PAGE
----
Springsteen’s album ‘Nebraska’ was originally intended for use as demos of songs he intended to record with the E Street Band but he ended up releasing them in their unpolished state in 1982. This collection of songs in the form of poetic portraits of American blue collar life is a rough diamond that shines undimmed through the dust and dirt it portrays. Rarely has the voice, the writing and the performance of a songwriter been so directly put down to tape in such undiluted and untamed a manner. For this and for its raw poetry and beauty, this album is a true gem and Springsteen’s jewel in the crown.
The song ‘Statetrooper’ has an unrelenting driving energy but the guitar riff, like the protagonist in his night-drive frenzy, literally goes nowhere. It plays, unchanging from beginning to end, with only the occasional one string and one note variation in the chord. It’s pure blues, original blues, not ‘I woke up this morning’ cliche blues but the deep night-blue of Charley Patton and Bukka White and the raw trance boogie of John Lee Hooker’s very first recordings. It’s the epic black magic dance of word and rhythm, the perfect marriage of music and text. With the picture, the character and the scene set, the narrator slowly unravels under ‘the refineries glow” before he’s “delivered” up to the night “where the great black rivers flow’. Songwriting doesn’t get much better than this.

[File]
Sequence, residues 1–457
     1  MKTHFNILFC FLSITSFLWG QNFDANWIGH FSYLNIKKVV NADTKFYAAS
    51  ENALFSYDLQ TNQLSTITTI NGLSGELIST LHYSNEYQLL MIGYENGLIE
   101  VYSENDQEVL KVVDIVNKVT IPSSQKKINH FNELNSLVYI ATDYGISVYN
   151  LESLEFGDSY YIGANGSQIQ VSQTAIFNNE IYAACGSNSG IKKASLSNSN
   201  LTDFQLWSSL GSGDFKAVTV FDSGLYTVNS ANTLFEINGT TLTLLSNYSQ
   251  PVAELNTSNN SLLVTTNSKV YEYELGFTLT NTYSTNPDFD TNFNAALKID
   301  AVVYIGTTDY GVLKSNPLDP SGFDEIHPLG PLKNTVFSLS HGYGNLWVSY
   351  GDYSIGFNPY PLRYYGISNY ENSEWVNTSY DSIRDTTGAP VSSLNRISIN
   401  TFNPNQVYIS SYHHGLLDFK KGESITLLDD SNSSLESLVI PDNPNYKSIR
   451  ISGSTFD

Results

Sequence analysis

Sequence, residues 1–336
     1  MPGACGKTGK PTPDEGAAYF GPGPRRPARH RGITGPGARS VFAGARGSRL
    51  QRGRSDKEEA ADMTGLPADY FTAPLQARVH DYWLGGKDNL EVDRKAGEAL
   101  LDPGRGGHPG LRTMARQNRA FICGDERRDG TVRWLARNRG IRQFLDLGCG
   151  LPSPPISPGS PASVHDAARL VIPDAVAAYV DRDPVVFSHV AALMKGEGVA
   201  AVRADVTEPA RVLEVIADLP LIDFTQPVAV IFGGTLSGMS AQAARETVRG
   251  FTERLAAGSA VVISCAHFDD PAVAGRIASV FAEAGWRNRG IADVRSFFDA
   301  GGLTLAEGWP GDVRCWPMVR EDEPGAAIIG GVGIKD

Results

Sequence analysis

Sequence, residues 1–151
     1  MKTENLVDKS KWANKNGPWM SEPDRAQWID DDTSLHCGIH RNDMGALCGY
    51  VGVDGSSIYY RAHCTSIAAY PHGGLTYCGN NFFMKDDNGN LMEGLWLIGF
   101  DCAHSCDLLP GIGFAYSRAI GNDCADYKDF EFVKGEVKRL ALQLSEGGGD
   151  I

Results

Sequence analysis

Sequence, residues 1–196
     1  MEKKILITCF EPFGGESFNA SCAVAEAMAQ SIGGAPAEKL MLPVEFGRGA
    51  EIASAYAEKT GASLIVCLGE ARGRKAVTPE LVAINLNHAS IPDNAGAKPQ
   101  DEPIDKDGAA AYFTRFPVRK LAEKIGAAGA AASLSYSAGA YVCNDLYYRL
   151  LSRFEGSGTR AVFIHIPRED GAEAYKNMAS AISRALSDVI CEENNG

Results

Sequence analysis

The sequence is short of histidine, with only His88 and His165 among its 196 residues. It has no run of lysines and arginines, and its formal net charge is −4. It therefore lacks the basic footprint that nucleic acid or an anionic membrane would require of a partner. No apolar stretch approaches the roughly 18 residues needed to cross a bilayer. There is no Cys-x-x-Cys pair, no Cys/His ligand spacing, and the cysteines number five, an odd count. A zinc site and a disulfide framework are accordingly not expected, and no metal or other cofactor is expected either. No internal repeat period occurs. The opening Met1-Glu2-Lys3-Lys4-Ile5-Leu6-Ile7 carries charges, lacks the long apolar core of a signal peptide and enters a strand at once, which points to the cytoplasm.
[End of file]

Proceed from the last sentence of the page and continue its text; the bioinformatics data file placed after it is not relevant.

I’ve played it so many times live but recording it I wanted to slow it down slightly in order to accentuate the power of the words and build up a trance-like intensity with guitars, xylophones and a harmonium with some distant howling backing vocals thrown in for good measure.